As a clinical trauma specialist and practising yogi, I know well the benefits of movement, breath, stillness, and presence. They are invaluable on the healing path.

However, many people with trauma will at first find it categorically impossible to do something like sit for meditation, even for a few minutes. A nervous system locked in hypervigilance can make us severely attention deficit. We cannot be still. We cannot focus. The mind and the body will feel far too restless.

Attempts at such a practice can actually generate a sense of panic over peace. Closing the eyes can be a big no-no in cases of acute trauma, as many people find it simply sends them into flashback. Yoga and mindfulness-type practices that ask you to move your body in certain ways or to place your attention inward can do the same. Breathwork can equally cause more old emotion to surface—it won’t necessarily soothe and centre us.

The reality is that dealing with trauma is a much more delicate dance than most understand. It is one that requires us to dip our toes in and pull them back out again. We have to learn to paddle around in the shallows first.

In effective trauma work, the last thing we ever want to do is unleash a tidal wave of old emotion all in one go. The already overloaded nervous system cannot handle it. To feel it all at once would be, quite frankly, too much.

And that is exactly what will be happening to many people right now.

The kinds of practices the original post mentioned may not be helpful to everyone—at least not in the form we will usually find them on Google or YouTube. Many of us need much more careful guidance.

Add to this that our health is under threat. Add to this that some of us are losing loved ones. Add to this that there are clearly other unknown political agendas at play. Add to this the fact that many people are under enormous financial pressure. Add to this that many people with kids are now unable to access any personal space at all. Add to this that many people are unable to get out in nature—a vital human need—and are being suffocated by four walls, 24 hours, around the clock.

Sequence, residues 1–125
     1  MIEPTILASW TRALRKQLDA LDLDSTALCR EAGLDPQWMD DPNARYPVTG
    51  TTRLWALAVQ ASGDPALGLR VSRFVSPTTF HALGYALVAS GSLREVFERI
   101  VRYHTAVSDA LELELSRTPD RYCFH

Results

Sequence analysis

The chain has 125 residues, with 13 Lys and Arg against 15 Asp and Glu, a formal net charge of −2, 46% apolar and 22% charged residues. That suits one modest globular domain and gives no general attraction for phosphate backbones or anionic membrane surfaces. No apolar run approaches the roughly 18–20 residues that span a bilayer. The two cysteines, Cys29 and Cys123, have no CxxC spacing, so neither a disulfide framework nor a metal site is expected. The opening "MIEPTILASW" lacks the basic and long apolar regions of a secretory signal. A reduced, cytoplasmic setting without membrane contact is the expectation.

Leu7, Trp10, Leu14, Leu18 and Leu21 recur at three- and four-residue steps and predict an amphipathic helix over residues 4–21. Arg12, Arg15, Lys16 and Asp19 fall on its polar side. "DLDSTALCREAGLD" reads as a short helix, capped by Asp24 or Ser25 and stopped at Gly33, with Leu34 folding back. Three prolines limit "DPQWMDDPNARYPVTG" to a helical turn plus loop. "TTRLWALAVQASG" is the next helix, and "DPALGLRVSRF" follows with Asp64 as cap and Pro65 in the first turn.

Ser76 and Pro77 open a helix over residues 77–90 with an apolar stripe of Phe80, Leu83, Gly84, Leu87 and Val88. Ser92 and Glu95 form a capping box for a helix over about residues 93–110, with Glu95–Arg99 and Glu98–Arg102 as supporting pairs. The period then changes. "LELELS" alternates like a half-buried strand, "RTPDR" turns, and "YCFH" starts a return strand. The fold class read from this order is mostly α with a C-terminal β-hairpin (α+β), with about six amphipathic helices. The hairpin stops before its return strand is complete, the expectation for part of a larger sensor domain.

Our freedom of movement has been taken away overnight. We don’t know when it will be returned to us. This uncertainty will add to the intensity.

Many, many people are going to be feeling agitated, angry, depressed, anxious, and afraid. Many, many people will be feeling confused, trapped, and alone, unable to understand the extent of the desperation that is quickly overcoming them.

I want you to know that if you feel these things, regardless of your history, it is unsurprising and it is not shameful. The situation is overwhelming. It is traumatic in and of its own right, and re-traumatising for those of us with unhealed histories.

We will learn much during this time, most definitely. Some of us will learn to be quieter. To need less. Many of us will get precious hours with our loved ones that will be treasured and remembered forever. But most of us will also suffer these lockdowns to one degree or another. Some will end up in serious emotional crisis because of it. Not everyone will have access to the help they both need and deserve.

Let’s understand that each of our experiences will differ greatly, and be equally as valid. It’s okay if you’re enjoying your time away from work. It’s okay if you feel completely panicked by your sudden loss of income. It’s okay if you are enjoying singing along to old music collections whilst spring cleaning your home. It’s okay if you can’t get off the couch and feel like screaming. It’s okay if you feel all these things or sit somewhere in between. It’s okay if how you feel seems to swing back and forth from day to day or even moment to moment.

The person reading books and meditating or having fun making castles out of toilet roll tubes with their children is not better than the person crying their eyes out in a dark room or involuntarily yelling at their kids because they just cannot cope anymore. Maybe one is better equipped to deal with this incredibly challenging situation than the other. Or maybe one is just having a better day than the other.

No one is failing. We are all doing our best.

So let’s please hold one another softly in the harsh reality of this unprecedented moment. Because perhaps if we can do that above all other things, humanity is really beginning to heal.